Best Employers and Top Universities, Part 2

Do you need a university degree?

Here’s what may save you a lot of money and a few precious years of your life:
To build a successful career in the Knowledge Economy, you most likely don’t need a degree.

Only 300 out of 2900 large organizations made the final list of Canada’s Best Employers – and twenty-three of the finalists are universities. Since there are less than 100 universities in Canada altogether, their representation in the Best Employers List is excitingly high!

Nearly a quarter of Canadian universities are on the Forbes Best Employers List.

But let me throw a little monkey wrench into this.

(This is a two-part article. In the first part, the reality behind the Best Employers list was reviewed. In this 2nd part, we look at the value of postsecondary education in its current state. You may prefer to watch a video version of this article.)

A little monkey wrench

For some reason, highly-ranked universities are well below the lesser-known schools that pop up high on this list.

One explanation of this apparent inconsistency is the difference between “job satisfaction” and “employee engagement.” “Satisfied” employees tend to leave positive reviews more often than their “engaged” counterparts, while the latter tend to demonstrate higher operational, academic, and scientific results – in one word, “excellence” – that propel universities up the academic charts.

Gallup’s Employee Engagement Survey (a.k.a. Q12) pinpointed this difference clearly: Engagement drives satisfaction but not the other way around. Positive as they may sound, employees that are satisfied with their jobs but not engaged are prone to leaving their job as soon as they find a “more satisfying” offer. In contrast, engaged employees tend to stay with the employer and contribute more to the organization because they care about the value they bring to society, and not only about salary and perks.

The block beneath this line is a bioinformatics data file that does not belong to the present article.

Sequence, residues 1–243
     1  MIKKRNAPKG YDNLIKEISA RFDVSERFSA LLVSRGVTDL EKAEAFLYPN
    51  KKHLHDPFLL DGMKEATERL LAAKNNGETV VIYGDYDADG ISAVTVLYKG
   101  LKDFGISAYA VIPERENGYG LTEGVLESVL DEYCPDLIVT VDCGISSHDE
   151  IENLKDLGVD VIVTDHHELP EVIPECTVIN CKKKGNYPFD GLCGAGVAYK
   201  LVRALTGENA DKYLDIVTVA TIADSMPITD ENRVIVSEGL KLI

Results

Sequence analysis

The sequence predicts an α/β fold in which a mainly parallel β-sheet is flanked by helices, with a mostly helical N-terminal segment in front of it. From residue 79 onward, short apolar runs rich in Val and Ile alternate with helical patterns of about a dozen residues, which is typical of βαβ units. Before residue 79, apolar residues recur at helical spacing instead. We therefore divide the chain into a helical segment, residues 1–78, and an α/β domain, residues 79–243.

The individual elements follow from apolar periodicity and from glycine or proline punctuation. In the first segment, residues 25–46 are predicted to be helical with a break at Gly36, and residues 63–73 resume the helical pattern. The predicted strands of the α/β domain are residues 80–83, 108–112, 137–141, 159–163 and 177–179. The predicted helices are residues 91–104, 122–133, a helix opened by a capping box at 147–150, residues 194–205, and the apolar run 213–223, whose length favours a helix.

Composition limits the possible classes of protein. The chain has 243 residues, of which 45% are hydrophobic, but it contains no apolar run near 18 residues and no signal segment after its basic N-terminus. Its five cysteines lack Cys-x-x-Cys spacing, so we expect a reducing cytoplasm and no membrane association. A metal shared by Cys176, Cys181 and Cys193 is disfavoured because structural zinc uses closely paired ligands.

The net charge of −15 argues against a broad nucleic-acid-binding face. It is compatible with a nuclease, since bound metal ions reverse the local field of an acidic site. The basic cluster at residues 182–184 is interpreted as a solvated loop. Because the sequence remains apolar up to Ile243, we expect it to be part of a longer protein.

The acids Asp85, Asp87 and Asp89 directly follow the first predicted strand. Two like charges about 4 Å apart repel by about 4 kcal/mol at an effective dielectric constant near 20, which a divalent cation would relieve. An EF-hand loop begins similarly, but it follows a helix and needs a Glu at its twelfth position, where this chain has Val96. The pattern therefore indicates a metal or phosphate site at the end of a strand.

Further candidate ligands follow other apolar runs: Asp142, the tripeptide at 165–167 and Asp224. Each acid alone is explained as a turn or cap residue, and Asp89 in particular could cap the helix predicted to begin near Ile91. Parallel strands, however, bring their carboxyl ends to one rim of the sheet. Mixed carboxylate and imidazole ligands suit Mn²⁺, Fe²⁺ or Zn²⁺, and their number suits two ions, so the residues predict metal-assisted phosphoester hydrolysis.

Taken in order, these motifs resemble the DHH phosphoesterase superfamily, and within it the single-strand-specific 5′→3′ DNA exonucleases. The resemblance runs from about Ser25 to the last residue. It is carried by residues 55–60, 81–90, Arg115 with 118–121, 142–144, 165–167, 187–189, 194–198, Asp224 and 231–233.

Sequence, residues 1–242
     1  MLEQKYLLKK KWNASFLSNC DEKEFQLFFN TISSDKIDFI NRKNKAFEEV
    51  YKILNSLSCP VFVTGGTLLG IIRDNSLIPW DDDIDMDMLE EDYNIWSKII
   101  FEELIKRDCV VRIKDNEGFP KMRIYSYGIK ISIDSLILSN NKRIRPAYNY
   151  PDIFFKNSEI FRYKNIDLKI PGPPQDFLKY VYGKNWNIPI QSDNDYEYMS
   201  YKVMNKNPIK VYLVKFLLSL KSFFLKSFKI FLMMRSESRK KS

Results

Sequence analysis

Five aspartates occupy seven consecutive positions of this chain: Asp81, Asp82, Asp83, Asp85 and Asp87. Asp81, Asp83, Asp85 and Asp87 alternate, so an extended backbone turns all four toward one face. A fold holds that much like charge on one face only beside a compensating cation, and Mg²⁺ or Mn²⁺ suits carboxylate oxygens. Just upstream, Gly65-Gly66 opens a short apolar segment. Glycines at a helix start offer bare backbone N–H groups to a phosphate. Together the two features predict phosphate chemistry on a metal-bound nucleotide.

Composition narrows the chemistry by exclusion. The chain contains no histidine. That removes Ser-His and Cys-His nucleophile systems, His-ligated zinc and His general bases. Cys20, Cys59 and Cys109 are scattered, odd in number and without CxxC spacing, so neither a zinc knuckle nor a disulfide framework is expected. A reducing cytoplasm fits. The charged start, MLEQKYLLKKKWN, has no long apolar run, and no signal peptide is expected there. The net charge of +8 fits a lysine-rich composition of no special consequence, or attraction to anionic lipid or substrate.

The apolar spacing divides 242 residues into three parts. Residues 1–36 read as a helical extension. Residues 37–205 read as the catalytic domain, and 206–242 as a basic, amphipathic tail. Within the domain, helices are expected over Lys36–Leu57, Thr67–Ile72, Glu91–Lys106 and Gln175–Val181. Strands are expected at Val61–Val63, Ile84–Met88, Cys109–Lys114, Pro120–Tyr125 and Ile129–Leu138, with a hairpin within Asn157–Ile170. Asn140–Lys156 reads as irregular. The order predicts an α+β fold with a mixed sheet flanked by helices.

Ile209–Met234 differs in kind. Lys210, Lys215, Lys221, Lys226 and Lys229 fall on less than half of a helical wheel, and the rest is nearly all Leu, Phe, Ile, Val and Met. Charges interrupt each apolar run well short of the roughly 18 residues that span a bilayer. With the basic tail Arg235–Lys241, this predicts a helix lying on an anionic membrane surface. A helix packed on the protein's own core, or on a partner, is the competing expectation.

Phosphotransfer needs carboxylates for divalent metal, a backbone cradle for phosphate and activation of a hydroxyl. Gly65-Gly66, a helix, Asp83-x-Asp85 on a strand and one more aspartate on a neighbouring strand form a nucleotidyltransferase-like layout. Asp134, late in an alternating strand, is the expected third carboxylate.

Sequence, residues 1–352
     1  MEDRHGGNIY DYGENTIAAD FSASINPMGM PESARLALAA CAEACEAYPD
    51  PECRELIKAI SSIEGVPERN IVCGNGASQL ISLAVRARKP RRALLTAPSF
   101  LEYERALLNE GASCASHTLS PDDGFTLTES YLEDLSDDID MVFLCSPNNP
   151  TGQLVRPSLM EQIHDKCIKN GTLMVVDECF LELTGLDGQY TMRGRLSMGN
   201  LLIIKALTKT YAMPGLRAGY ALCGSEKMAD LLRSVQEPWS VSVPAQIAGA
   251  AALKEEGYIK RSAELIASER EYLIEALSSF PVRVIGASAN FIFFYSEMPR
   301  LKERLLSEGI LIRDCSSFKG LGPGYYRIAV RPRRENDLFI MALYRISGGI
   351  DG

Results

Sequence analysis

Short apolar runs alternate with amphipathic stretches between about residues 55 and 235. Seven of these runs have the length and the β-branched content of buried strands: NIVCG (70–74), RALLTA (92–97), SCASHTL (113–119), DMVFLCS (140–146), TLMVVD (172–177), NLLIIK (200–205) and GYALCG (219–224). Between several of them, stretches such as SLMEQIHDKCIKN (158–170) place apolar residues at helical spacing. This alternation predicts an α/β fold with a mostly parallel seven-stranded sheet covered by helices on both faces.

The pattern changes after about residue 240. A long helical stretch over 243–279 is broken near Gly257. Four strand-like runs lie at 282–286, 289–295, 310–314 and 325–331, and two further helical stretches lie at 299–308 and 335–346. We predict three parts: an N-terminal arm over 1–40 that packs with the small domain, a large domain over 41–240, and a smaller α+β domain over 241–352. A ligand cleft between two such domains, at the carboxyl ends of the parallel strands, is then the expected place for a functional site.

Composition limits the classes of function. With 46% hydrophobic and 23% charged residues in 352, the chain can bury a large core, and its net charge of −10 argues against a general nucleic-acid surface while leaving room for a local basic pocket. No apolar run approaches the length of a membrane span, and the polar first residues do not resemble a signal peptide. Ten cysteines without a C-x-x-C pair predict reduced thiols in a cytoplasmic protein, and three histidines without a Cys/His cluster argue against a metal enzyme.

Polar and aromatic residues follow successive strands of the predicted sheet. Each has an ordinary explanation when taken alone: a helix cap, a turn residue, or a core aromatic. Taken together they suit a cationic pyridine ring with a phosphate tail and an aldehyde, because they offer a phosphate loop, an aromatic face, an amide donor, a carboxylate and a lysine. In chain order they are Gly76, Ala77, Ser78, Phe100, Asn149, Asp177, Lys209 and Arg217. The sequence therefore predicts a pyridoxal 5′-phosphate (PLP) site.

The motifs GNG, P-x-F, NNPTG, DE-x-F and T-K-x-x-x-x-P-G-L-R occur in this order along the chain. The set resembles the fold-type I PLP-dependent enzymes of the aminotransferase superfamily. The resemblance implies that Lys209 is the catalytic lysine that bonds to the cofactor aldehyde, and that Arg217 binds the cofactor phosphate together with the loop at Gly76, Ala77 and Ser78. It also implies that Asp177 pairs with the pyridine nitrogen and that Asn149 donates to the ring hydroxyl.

Employees of universities and other public organizations are high on satisfaction but low on engagement, and that combination simply cannot be efficient. To stay afloat today, universities focus on quantity (number of admissions and graduations) and not on the quality of education and research (number of citations, patents, and the direct commercial result of research). Churning out more “trained professionals” may sound like a solid strategy for a country that stakes its place in the knowledge economy – if not for one unexpected caveat.

Canada has a population of 38 million, of which 21.5 million are between the ages of 25 and 64. Of these working-age Canadians, 7.2 million have a bachelor’s degree or higher. That is 33.5 percent of the working-age population.

Now, according to research, the average IQ of a college graduate must be around 115 (one SD above the mean). Accordingly, at least 33.5 percent of Canadians must have an IQ of 115 or higher – or they would not have made it to graduation. However, in a normal distribution, only about 16 percent of the population statistically have an IQ of 115 or higher. Apparently, we have at least twice as many brainy people in Canada than is statistically probable!

We have at least twice as many brainy people in Canada than is statistically probable!

This is extremely flattering, no doubt, but not plausible. I have witnessed the output of our educational institutions as a student, as a parent, and as a hired professional with some education. My education, however, helped me calculate (going from the other end) that if 33.5 percent of the population have a university degree, then the actual IQ level that enables one to graduate is only 110.

With a heavy heart I must confirm that if someone tells you that your BA actually means “Bullshit Added”, they are most likely right. Historically, people with an IQ of 110 attained a high school diploma, with perhaps some form of post-secondary education, like a trade school.

Not surprising that today many employers make a university degree mandatory, even for jobs that did not previously require such qualifications. Of course: today this degree has replaced what we used to know as a vocational diploma.